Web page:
On April 20, 2007, after a 30-year career with the Metropolitan Police Department in Los Angeles County, Steven Laing retired from the force. Age 50 at the time, Laing had seen it all during his time in law enforcement. He'd gone undercover to bust gambling rings, navigated bloody crime scenes and done his best to comfort families left mourning following unthinkable acts of violence.
After all those years, he was lucky to have all his parts intact and called it a career. Six weeks later, he was working as the timekeeper at the Stanley Cup Final for the Anaheim Ducks.
It's a bizarre contrast, but one Laing has grown accustomed to. Now working as a senior investigator with the district attorney's office in San Bernadino County, he's one of the truly great ambassadors for California hockey.
Though he spends his days investigating crimes in San Bernadino County, his nights occasionally are spent working as an off-ice official for Ducks games, which can involve anything from serving as a goal judge to manning the penalty box. It's a unique double life that has allowed the lifelong California resident to see some glorious moments on the ice, not to mention some tragic moments in the streets.
"I spent most of my career working undercover in vice and specialized assignments,," Laing told NHL.com. "I worked on patrol and on the beaches and in the helicopters. I retired in 2007 and shortly after was offered a position with the district attorney's office. I currently work gang homicides and human trafficking."
So, yes, Laing has seen some things that would keep most people up at night. Less than a year into his law enforcement career, he was involved in a shooting incident in which one of his fellow officers was killed. Each officer has his own way of dealing with that kind of situation, but for Laing, hockey became the counterweight.
First turned on to the sport by a neighbor, Laing has served as an off-ice official for the Ducks since 1994. In that time, working primarily as a timekeeper, he's witnessed many of the historic moments in franchise history. He also is the president of the California Amateur Hockey Association, serving the past six years as its top administrator. For the 56-year-old, it's been more than a passion. It's his life.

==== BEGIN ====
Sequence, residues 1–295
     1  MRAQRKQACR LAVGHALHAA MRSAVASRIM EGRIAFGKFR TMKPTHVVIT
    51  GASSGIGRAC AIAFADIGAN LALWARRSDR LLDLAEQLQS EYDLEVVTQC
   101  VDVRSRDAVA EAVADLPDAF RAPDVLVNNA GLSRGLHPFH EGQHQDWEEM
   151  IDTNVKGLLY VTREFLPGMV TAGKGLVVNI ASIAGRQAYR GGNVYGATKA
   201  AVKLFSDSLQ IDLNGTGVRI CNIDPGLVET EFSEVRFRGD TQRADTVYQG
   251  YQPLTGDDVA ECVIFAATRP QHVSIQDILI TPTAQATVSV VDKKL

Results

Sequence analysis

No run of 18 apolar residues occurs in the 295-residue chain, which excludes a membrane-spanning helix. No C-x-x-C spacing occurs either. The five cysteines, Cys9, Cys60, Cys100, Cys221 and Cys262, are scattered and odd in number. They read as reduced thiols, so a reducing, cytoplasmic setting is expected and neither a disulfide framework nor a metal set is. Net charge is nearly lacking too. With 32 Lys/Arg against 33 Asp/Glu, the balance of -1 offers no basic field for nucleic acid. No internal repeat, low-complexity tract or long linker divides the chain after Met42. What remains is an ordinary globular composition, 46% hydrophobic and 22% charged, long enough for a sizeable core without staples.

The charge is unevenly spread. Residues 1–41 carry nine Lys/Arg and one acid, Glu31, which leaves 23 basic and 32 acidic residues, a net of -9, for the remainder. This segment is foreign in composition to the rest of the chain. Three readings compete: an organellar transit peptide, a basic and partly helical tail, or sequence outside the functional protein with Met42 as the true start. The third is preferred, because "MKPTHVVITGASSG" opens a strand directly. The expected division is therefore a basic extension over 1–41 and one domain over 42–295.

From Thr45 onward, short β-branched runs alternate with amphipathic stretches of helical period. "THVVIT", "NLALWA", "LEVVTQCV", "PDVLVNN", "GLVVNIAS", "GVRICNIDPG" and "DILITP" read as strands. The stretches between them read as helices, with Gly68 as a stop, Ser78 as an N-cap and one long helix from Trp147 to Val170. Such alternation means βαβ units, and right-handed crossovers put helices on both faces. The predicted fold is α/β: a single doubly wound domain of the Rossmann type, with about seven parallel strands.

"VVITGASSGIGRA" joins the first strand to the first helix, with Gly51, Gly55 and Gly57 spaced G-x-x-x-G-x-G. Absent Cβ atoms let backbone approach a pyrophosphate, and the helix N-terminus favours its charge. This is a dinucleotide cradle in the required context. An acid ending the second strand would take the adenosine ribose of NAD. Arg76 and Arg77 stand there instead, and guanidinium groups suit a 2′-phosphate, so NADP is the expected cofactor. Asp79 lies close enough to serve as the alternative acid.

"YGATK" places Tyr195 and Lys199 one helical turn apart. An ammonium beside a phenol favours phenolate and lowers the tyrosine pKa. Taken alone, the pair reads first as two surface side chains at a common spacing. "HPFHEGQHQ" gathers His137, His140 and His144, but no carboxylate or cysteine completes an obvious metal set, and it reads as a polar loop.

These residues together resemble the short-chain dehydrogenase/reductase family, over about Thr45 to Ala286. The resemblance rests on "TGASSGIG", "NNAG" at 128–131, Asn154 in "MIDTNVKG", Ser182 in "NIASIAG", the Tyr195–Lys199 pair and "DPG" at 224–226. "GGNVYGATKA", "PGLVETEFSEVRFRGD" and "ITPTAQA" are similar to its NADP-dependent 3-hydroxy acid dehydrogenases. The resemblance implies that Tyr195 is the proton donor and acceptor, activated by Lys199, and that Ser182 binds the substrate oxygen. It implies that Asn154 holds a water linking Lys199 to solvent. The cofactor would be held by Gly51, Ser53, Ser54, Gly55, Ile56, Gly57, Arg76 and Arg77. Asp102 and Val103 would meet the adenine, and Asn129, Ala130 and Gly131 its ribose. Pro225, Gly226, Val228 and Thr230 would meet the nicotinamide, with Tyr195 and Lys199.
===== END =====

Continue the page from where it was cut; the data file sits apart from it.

"Our big push now is our younger kids," he said. "We've seen some tremendous changes in the hockey here. In the growth of it, in the professional coaching aspect, the amount of triple-A teams we have out here. Unfortunately, our California kids have to go back East or to the Midwest to play junior hockey. I want to see our kids who have graduated from high school to play at the junior level without having to leave home. I see junior hockey coming to California with a couple of teams."
Considering he's seen his share of teenagers go the wrong way, there's a certain comfort in helping young people build character and dedication through sports. Granted, his two worlds rarely coincide, but Laing made it a priority during his time in law enforcement to reach out to as many children as possible through the Police Athletic League.
There are no half-measures with either of Laing's endeavors, be it in his investigative work or his hockey responsibilities. So it's inevitable one of his worlds would interfere with the other. As much as he loves hockey and has dedicated much of his life to it, things tend to come up with the day job.
"Whether you're out on a fatality or domestic homicide, when you're done with that, you get back to the station, get showered, get changed into your NHL outfit and you drive to the rink," Laing said. "You learn to separate what happens in the daytime and the nighttime. For me, being part of the NHL crew, hockey is my outlet."
That outlet is vital if you're in Laing's particular line of work. It's helped him remain unscathed the past 36 years. For the officers who don't have that outlet, life can get difficult.
Laing admits he's seen colleagues struggle with depression and other issues, and has seen that difficulty trickle down to their families. With his son and daughter working in law enforcement, he's quick to emphasize the importance of separating work from home. It just so happens that much of his time off the clock is spent building the sport in a state that has become a hockey hotbed the past 25 years.
"You can't always separate it, but I've always tried to keep groups of friends both in law enforcement and not in law enforcement," he said. "Fortunately, I have a wife who understands it and understands some days you might not be coming home. When you do come home, you've got a hockey meeting to go to. I go to work in the daytime and I see the seedy side of life. I know that when I have major crimes, my job is to work for the victims' families and to make it all right for them. I follow that line during the daytime.
"Then it's time to relax, and there's no better way for me to relax than being involved in hockey, whether it's doing an NHL game, giving talks to clubs and kids or running a board with a million-dollar budget."